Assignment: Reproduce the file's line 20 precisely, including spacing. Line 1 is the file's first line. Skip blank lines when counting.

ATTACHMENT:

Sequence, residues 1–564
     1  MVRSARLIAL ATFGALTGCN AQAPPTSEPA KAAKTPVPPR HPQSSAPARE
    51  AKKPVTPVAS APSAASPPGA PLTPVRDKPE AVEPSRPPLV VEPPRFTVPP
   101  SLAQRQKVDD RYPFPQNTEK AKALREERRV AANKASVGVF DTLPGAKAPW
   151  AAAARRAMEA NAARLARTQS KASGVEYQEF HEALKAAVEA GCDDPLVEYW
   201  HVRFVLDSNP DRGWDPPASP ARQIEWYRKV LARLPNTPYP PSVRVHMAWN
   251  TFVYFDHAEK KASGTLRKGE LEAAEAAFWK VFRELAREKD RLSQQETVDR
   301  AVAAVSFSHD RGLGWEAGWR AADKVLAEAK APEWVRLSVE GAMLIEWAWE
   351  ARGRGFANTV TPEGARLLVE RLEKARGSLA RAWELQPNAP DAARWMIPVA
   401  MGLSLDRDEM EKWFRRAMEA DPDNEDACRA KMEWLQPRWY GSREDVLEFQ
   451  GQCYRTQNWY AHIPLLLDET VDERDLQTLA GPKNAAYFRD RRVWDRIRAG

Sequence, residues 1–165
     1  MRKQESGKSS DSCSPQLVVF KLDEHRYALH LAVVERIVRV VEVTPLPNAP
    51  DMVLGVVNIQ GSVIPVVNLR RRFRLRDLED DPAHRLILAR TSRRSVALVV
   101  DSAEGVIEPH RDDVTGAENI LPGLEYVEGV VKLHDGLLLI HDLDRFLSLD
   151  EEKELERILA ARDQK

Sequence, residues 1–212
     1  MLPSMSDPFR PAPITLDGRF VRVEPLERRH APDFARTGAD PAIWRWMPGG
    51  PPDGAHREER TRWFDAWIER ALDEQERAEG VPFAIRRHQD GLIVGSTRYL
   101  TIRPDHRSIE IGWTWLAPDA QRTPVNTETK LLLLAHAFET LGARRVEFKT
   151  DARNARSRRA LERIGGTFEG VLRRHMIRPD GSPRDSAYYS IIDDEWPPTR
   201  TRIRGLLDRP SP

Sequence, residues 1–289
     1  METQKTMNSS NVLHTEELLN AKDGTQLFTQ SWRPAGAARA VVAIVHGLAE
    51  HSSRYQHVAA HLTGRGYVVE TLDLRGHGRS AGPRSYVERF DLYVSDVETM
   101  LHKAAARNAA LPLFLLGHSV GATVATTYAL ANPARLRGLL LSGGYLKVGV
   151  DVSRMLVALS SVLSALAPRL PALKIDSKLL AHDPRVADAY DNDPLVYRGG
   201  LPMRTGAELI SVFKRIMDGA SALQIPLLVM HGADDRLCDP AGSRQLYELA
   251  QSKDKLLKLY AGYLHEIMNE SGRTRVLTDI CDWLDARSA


   101  TIRPDHRSIE IGWTWLAPDA QRTPVNTETK LLLLAHAFET LGARRVEFKT